In a media release, Auckland Transport (AT) has outlined their commitment to diversity (predominantly to Maori and Pacifica interests) within the delivery of infrastructure.
Release as below:
A strategic first – AT has awarded a contract to construct a carpark and access way at Makaurau Marae in Mangere to a 100 per cent Māori-owned business.
Supplier diversity is a business process that helps businesses owned by indigenous peoples, minority ethnic groups, women and social enterprises to be engaged in supply chains.
It aims to level the playing field – so these businesses have fairer access to customers and markets.
This is even more important in light of Covid-19 because we know, historically, that economic shocks disproportionately impact vulnerable communities.
To ensure supplier diversity, AT worked with an intermediary organisation, He Waka Eke Noa – which facilitates relationships between businesses like AT and Māori and Pacific-owned businesses.
AT also formed a strong partnership with The Southern Initiative (TSI) using its purchasing power to create employment and social enterprise opportunities.
The Makaurau Marae work was tendered to He Waka Eke Noa businesses only, and after four businesses submitted tenders for this work, the contract was awarded to Lite Civil Limited.
The work, which began in April 2020 after the lockdown was lifted, will deliver a safe driveway and parking facility for the marae and Kohanga Reo to benefit mana whenua and the wider community.
AT also worked with Auckland Council and CCOs to invest in positive environmental outcomes, like storm and wastewater improvements at the marae.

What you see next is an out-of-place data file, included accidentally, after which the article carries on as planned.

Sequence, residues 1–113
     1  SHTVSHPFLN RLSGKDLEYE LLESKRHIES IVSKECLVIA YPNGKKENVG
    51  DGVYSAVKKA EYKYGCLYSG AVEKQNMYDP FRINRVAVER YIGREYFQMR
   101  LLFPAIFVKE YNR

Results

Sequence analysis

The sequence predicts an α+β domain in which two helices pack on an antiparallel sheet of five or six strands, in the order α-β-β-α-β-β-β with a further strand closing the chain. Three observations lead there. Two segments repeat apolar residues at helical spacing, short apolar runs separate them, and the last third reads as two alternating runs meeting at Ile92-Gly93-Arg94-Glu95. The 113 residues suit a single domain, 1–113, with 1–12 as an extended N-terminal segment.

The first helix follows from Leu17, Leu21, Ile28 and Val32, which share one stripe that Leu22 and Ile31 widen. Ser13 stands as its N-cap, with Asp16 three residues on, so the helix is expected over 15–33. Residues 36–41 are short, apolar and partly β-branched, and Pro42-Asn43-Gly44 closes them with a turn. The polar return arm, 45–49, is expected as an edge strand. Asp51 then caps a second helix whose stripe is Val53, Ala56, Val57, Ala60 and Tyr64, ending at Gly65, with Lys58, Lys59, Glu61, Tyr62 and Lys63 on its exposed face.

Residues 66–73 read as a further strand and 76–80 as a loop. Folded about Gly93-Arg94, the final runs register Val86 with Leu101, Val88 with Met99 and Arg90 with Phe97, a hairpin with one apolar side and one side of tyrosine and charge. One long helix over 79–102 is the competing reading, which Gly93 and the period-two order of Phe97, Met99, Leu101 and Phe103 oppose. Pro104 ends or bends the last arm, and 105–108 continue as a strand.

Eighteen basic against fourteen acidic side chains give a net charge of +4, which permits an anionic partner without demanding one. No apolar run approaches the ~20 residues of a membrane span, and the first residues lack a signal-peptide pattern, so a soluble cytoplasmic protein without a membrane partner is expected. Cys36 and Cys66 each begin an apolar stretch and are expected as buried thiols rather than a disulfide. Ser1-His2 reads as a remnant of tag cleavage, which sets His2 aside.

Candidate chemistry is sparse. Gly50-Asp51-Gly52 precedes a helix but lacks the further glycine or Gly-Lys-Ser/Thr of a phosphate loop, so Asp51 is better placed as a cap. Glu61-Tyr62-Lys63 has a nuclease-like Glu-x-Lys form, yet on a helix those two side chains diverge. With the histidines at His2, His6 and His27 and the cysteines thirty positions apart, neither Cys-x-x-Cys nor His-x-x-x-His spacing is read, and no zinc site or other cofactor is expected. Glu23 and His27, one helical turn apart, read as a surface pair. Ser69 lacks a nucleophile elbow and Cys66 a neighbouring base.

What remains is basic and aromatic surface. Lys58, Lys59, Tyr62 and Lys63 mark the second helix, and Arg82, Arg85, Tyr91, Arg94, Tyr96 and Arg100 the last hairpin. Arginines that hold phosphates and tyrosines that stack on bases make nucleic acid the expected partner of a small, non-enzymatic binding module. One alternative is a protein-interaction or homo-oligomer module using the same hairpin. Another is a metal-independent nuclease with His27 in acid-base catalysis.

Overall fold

AT chief executive, Shane Ellison, says AT is committed to supplier diversity to help create positive social and economic change for disadvantaged groups.
Work has begun to build a carpark at Makaurau Marae. Photo supplied
“It’s really important that we create job opportunities in areas of disadvantage to generate shared socio-economic prosperity for all Aucklanders.”
“This is even more important because we know historically economic shocks like Covid-19 are more likely to disproportionately impact vulnerable communities. Supplier diversity will be a key part of AT’s recovery response to Covid-19,” Mr Ellison says.
“We are also committed to ensuring ethical supply of materials and using impactful businesses – such as social enterprises – to form a key part of our procurement. I’m really proud that our procurement activities can be leveraged to help provide outcomes that all Aucklanders can benefit from.”
Lite Civil Limited foreman Busby Leaf, who hails from Te Tai Tokerau, says it’s good to be working on a project that has cultural value.
“I’m proud to be working on a project that sees marae being upgraded, as many of our marae are in desperate need of that. It’s a good opportunity for our company to work directly for AT instead of seeing the work go to the normal big companies.”
Lite Civil Limited director Joseph Rawiri says he is very excited to be part of this project, both for the opportunity for Lite Civil to work directly with AT, and also to provide an end product that will benefit the marae and the hau kāinga.
In a related article, the Times reported on Auckland Council submitting a list of 73 key projects to the Infrastructure Industry Reference Group in priority order. The list was remarkable in that Marae upgrades were placed ahead of the Eastern Busway project 1.